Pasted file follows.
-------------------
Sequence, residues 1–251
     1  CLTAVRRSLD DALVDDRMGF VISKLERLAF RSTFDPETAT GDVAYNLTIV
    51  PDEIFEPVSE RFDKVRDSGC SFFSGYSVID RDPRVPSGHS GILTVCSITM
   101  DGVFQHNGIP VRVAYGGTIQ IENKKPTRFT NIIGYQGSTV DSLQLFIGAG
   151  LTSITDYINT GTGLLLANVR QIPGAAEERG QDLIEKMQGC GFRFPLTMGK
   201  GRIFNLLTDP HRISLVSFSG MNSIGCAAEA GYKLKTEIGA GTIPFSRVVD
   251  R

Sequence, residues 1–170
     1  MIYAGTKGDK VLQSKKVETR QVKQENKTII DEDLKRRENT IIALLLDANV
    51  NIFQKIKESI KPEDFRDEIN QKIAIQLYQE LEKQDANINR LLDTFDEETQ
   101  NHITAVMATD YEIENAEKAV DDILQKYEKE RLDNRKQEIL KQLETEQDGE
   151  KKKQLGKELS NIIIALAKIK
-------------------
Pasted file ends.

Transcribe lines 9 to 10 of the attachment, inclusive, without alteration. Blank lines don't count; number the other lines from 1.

     1  MIYAGTKGDK VLQSKKVETR QVKQENKTII DEDLKRRENT IIALLLDANV
    51  NIFQKIKESI KPEDFRDEIN QKIAIQLYQE LEKQDANINR LLDTFDEETQ